The most important part of the infrastructure bill is little noticed

The most important part of the infrastructure bill is little noticed
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Amid the swirl of discussion around how much should be spent on infrastructure and whether the bill can pass a divided Congress, legislative policy observers have missed a brief, somewhat technical provision with the punch to materially impact U.S. infrastructure policy in an extraordinarily helpful way. The major constraint on most infrastructure is not funding, but permitting — that is, obtaining governmental approval to actually build a project. In hundreds of meetings during our government service at the U.S. Department of Transportation and the White House, the message from governors, mayors and county executives was clear: Additional federal funding is helpful, but providing relief from the government’s byzantine permitting process is critical. 

By now, many people have heard of the federal permit approval nightmares that contributed to the 26 years it took to build the Bonner Bridge connecting the Outer Banks of North Carolina to the mainland, or the more than two decades it took to build a second runway at the Taos, New Mexico, airport. Less known are permitting delays, such as the case where reports of an Indiana Bat having wandered into the state of Georgia triggered protection requirements that impacted projects as modest as removing roadside trees, as well as more extensive ventures in multiple counties. The fact is that in recent decades, significant infrastructure projects often have faced permit approval delays of five to 10 years, or longer, and incurred huge costs because of them.

Fortunately, it appears that relief is on the way. Tucked inside the 2,700-page Senate infrastructure bill are 15 pages of legislative text codifying a process — known as One Federal Decision (OFD) — that promises to shorten the permit review process from as much as 10 years to only two years.

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One Federal Decision has had bipartisan support. It was developed during the Trump administration and issued as an executive order in 2017 as part of the administration’s overall effort to improve infrastructure development. In 2019, OFD was included by the U.S. Senate Committee on Environment and Public Works in a proposed transportation bill which, while not made into law, was approved unanimously in committee by both sides of the aisle. Given that permit reviews can involve up to 30 statutes, and as many as a dozen departments and agencies, the OFD modifications were essentially commonsense changes to a broken process. The framework required that agencies coordinate from the outset by using a joint schedule, empower a lead agency to enforce it, require agencies to work at the same time and not wait in turn, generate a readable review document with page limits, and produce a timely decision within 90 days of finishing the review document.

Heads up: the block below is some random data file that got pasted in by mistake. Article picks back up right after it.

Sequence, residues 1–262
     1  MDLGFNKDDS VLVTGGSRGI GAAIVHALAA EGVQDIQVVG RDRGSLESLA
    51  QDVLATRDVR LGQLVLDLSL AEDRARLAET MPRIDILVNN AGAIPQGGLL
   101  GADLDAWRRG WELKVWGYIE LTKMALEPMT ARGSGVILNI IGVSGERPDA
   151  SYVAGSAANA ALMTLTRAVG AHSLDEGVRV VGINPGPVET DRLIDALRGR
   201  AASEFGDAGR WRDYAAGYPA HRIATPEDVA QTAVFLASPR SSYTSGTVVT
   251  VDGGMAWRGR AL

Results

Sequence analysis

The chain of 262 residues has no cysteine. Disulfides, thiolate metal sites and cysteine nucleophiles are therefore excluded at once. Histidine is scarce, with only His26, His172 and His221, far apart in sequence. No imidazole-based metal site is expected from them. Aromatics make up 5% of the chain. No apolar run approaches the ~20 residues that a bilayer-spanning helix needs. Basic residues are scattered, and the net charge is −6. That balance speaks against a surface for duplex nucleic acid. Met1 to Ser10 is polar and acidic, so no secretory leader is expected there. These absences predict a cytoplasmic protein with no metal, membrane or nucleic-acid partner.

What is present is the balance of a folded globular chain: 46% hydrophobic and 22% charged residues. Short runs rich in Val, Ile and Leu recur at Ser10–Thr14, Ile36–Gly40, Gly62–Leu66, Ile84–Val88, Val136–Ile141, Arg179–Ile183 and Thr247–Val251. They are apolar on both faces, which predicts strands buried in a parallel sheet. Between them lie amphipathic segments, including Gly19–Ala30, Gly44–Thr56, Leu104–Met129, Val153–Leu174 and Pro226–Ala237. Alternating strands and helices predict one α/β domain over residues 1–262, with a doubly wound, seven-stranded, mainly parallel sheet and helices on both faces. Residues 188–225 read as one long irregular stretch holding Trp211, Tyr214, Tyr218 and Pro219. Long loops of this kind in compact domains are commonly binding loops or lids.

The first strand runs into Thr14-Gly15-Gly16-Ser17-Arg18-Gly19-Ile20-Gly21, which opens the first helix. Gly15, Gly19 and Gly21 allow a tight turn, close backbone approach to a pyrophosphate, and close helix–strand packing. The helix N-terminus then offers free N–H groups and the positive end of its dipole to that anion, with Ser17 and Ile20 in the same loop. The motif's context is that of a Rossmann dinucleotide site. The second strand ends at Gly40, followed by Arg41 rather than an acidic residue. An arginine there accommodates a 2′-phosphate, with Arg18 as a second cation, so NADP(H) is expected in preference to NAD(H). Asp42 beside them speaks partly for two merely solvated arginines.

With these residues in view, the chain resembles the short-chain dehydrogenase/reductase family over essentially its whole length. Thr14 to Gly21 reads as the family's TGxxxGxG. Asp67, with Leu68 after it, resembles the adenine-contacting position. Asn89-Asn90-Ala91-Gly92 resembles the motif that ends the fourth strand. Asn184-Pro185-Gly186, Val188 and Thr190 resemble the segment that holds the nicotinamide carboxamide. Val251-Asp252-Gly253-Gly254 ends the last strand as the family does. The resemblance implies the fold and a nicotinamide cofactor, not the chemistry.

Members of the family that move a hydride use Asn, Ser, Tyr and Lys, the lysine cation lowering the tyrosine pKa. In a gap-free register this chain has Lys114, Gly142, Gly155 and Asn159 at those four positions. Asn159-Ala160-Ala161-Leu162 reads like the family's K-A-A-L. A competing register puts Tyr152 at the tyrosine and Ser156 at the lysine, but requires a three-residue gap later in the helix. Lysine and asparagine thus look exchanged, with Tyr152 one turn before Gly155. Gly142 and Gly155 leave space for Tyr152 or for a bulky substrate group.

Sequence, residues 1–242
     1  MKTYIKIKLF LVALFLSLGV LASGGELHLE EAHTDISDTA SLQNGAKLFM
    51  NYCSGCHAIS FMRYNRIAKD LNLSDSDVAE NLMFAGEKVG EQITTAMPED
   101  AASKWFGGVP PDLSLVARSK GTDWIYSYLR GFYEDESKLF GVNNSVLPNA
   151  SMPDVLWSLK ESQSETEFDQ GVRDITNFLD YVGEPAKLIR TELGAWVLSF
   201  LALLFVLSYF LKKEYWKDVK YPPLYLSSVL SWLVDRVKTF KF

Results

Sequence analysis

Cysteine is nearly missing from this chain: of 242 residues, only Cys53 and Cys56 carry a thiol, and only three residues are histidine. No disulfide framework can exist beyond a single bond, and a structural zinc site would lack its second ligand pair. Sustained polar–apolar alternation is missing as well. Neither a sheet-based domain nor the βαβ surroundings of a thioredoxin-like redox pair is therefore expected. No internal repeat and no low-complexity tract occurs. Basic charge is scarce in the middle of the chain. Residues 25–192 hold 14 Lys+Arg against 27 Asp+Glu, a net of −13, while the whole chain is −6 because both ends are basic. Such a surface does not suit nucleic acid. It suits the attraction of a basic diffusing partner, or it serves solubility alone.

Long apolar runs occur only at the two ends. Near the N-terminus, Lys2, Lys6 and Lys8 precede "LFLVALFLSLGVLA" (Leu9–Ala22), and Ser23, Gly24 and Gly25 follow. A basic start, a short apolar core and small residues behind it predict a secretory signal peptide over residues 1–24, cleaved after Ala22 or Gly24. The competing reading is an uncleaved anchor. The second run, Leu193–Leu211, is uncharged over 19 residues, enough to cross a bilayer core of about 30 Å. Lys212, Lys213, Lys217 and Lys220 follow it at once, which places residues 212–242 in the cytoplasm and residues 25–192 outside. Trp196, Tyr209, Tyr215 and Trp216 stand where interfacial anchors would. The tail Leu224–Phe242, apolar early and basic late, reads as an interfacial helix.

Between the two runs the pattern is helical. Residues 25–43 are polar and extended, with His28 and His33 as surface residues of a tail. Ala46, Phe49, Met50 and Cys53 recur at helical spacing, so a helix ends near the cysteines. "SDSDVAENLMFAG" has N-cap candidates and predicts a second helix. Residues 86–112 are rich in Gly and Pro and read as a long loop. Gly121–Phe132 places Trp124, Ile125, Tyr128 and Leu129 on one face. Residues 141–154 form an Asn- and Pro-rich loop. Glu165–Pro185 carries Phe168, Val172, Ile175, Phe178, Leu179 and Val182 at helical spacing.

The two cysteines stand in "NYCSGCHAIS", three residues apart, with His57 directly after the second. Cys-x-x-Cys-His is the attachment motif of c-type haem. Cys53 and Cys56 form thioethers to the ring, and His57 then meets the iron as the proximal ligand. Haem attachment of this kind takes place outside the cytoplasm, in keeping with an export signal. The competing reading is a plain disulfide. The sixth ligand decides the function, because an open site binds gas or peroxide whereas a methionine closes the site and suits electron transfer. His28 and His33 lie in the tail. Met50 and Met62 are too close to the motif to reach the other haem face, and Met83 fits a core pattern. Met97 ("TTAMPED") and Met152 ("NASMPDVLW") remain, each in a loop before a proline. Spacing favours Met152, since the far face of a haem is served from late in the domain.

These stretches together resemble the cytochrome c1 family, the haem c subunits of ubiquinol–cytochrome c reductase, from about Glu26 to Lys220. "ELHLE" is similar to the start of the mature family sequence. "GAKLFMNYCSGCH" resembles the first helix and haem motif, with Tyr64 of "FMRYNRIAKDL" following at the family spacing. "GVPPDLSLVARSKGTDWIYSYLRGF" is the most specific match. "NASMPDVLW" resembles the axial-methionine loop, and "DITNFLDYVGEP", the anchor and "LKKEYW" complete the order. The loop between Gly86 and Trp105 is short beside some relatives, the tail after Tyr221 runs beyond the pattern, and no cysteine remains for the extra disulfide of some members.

Preceding the development of the OFD framework, studies had suggested that the cumulative impact of six-year permitting delays would impose an estimated $3.7 trillion in additional costs (for roads, rail and bridges alone, the approximated extra cost was $1.65 trillion). Avoiding these costs saves more than the entire cost of the current bipartisan infrastructure bill — savings that could be used for actually building infrastructure projects. And none of this involves circumventing environmental or other permitting requirements. Even if a project’s requested permits are denied, learning that regulatory result early on avoids fruitless expenditures over another extended period of years.

Inexplicably, on his first day in office, President BidenJoe Biden White House: US has donated 200 million COVID-19 vaccines around the world Police recommend charges against four over Sinema bathroom protest K Street revenues boom MORE revoked the OFD executive order by using his own executive order, which also canceled the Keystone pipeline permit. It is, therefore, good news that the current bipartisan infrastructure bill will codify OFD as permanent federal law and overrule President Biden’s executive order.

It is also helpful that numerous Cabinet officers had signed a detailed memorandum of understanding to implement the OFD in April 2018. The results over the next two years justified the effort. It has been reported that even during the pandemic in 2020, the improved permitting process enabled more than 130,000 permanent and temporary construction jobs that year, and reduced permit review times by 45 percent, with commensurate economic savings. 

A reality of infrastructure policy is that, while the additional funding included in the Senate bill will take years to trickle out to projects across the country, the One Federal Decision process can provide dramatic results in the near term by speeding projects through the permitting process with timely and prompt decisions. For this reason, we are encouraged that bipartisan negotiators including Sens. Krysten Sinema (D-Ariz.) and Rob PortmanRobert (Rob) Jones PortmanMcConnell gets GOP wake-up call Biden shows little progress with Abraham Accords on first anniversary The Hill's Morning Report - Presented by Facebook - After high drama, Senate lifts debt limit MORE (R-Ohio) would re-establish OFD as federal law, and that the Biden administration has shown the flexibility and humility to reverse its initial decision to eliminate this vital step that rationalizes our nation’s permitting process. 

Jeffrey A. Rosen is a nonresident fellow at the American Enterprise Institute and a former deputy secretary of transportation. DJ Gribbin served in the White House, where he led the effort for One Federal Decision.